Right now, I’m mostly doing beamline design and simulation, with some wavefront sensing and adaptive optics. Lots of very challenging topics (we have to deal with a laser-like beam hundred times smaller than a hair blasting kilowatts of light), and I’m learning a lot along the way. Amazing times!

An efficient bureaucracy

What if… the world goes round thanks to an inefficient bureaucracy?

The only thing that saves us from the bureaucracy is inefficiency. An efficient bureaucracy is the greatest threat to liberty.
– Eugene McCarthy

Think about it… the nazis were able to corrupt all of Germany thanks to the legendary rigor of its population – a case famously documented by Hannah Arendt in her series Eichmann in Jerusalem: A Report on the Banality of Evil. (I, II, III, IV, V)

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Nine months

In the past twelve months, I’ve seen 15 of my close friends living in the Bay Area having kids. That’s a lot, with more than one new cute little name to learn (Felix, Moritz, Ilya, Oliver, Hendrix…)

Since most of my friends are about my age or older — 35 on average — and often in a stable relationship for many years, I am left wondering why the sudden spike.

I came up with two reasonable explanations and a ton of thoughts!

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Addictions

Around me, all I see is the blue glow of phones illuminating the faces of people.

These days, we get so many things to discover, information to watch, and we’re getting addicted.

What I fault newspapers for is that day after day they draw our attention to insignificant things whereas only three or four times in our lives do we read a book in which there is something really essential. – Marcel Proust, In Search of Lost Time

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Self-reference

Self-reference is cornerstone in Hofstadter’s Godel-Escher-Bach, a must read book for anyone interested in logic (and we shall rely logic in these days to stay sane.)

Here’s a bunch of examples of self-reference that I found interesting, curated just for you!

Barber’s paradox:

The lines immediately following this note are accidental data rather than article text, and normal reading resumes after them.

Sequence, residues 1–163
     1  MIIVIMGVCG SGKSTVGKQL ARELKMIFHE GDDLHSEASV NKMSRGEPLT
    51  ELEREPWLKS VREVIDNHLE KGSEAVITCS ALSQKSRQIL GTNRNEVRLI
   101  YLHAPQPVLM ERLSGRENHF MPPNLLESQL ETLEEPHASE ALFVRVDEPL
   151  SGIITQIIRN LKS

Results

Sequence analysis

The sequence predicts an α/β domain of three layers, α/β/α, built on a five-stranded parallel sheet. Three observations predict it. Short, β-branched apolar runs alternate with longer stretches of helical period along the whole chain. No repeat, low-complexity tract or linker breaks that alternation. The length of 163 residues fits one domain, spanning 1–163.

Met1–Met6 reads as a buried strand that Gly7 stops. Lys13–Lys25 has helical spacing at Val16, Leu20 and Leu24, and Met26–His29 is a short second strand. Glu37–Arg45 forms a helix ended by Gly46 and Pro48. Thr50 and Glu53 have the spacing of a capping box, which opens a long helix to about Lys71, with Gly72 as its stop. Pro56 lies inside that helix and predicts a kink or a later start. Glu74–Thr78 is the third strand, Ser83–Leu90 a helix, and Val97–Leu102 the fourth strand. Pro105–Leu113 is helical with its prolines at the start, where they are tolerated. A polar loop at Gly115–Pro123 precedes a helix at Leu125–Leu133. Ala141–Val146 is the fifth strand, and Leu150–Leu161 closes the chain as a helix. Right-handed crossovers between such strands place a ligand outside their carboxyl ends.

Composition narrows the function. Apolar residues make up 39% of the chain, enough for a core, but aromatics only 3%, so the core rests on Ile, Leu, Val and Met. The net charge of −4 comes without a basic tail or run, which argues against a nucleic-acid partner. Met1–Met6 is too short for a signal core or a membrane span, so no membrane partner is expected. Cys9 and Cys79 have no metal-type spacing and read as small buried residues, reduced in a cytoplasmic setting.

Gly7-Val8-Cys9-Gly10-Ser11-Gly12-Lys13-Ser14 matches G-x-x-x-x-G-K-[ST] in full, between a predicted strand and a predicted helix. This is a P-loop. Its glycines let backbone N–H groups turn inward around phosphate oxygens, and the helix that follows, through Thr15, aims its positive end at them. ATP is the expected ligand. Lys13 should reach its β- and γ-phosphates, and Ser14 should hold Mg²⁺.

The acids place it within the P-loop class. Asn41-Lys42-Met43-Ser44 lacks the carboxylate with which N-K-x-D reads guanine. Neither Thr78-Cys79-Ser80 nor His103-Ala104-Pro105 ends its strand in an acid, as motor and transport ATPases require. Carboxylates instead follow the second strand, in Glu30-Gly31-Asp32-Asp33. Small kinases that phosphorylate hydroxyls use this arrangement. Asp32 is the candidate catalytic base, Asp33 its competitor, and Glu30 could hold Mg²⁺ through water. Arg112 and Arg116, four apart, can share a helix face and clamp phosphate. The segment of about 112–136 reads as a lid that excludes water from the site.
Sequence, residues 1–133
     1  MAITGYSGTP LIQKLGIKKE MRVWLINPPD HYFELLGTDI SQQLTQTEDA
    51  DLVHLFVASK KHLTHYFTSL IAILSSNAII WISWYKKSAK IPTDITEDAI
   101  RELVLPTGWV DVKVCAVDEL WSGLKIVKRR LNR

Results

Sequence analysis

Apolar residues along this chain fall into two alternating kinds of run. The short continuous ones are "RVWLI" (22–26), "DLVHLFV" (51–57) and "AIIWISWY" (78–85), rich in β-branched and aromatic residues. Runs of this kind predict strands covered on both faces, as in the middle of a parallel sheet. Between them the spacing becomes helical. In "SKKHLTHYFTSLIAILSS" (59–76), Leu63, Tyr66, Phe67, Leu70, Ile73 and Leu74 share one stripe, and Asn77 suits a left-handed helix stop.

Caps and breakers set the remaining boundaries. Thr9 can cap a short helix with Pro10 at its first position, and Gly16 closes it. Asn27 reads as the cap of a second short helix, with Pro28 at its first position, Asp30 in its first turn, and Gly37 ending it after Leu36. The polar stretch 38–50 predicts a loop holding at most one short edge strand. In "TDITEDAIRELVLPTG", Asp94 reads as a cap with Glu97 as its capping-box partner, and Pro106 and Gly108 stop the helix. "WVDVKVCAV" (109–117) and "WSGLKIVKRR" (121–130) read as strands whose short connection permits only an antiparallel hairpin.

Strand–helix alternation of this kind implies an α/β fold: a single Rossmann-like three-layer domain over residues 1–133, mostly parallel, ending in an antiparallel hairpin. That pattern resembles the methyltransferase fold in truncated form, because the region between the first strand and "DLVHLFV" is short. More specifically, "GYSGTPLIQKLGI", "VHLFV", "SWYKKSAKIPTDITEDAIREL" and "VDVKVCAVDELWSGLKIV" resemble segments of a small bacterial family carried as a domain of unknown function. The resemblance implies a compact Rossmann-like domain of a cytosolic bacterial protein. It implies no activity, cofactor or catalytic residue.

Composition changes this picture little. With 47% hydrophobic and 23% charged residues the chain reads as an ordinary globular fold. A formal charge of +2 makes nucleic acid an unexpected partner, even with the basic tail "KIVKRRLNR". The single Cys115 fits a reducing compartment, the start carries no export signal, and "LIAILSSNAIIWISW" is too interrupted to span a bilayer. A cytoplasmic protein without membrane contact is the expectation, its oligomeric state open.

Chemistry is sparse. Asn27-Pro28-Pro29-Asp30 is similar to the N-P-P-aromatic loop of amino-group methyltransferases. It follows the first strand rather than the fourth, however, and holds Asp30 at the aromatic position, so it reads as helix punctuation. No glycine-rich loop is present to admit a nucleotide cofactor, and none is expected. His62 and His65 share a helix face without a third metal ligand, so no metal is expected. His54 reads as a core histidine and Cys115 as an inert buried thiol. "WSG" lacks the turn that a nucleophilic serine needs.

The barber is the “one who shaves all those, and those only, who do not shave themselves.” The question is, does the barber shave himself?

Self-referential figure (via xkcd):

Tupper’s formula that prints itself on a screen (via Brett Richardson) Continue reading

Quick’n’dirty

Over the years I’ve collected quotes from people who are.

I always like quotes, because they are atoms of knowledge, quick and dirty ways to understand the world we only have one life to explore. To some extent, they axioms of life in that they are true and never require an explanation (otherwise they wouldn’t be quotations.)

Here’s a bunch of quotes that I found particularly interesting, starting with my absolute favorite quote comes from the great Paul Valery:

The folly of mistaking a paradox for a discovery, a metaphor for a proof, a torrent of verbiage for a spring of capital truths, and oneself for an oracle, is inborn in us. – Paul Valery

On research — trial and error

Basic research is like shooting an arrow into the air and, where it lands, painting a target.
-Homer Burton Adkins

A thinker sees his own actions as experiments and questions–as attempts to find out something. Success and failure are for him answers above all.
– Friedrich Nietzsche
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Books I loved

With every year comes the occasion to read new books!

I’ve assembled a small collection of books that I love, so that you can discover them and share the love around! Since there are twelve months in a year, you’ll find twelve books. They are presented in no particular order, so that you can enjoy them at random, sitting in a couch sipping some wine.

martin-franck-cartier-bresson

Martine’s legs – Henri Cartier-Bresson (1967)

Ringolevio (Emmett Grogan)

Ringolevio is a sort of autobiography by Emmett Grogan, a leader of the Diggers in San Francisco just about when it was becoming cool (early 60s). It is a great book in that it is written with a punch, and has a deep sense of social awareness. It is quite fun to read Timothy Leary and other fake-prophets of the revolution getting thrashed.

Emmett wondered whether anything viable was going to come out of it: whether the powerless might for once obtain enough power to make some sort of relevant change in the society. He immediately dismissed as ridiculous the notion that everything would be all right when everyone turned on acid. It was noted that LSD was used during World War Two to solve naval tactical maneuvers, and they concluded that although the drug might facilitate understanding or the process of doing something, it offered no moral direction or imperatives.

There is no road (Antonio Machado)

This is my absolute favorite poem books. It is very short, and has the deepest thoughts ever assembled in a book. This book is a treasure, and I have offered it to people I care about. This book is often out of print, but don’t settle for a different collection, this one is really unique if you can find it, and by far the best translations I’ve found.

Between living and dreaming there is a third thing. Guess what it is
– Antonio Machado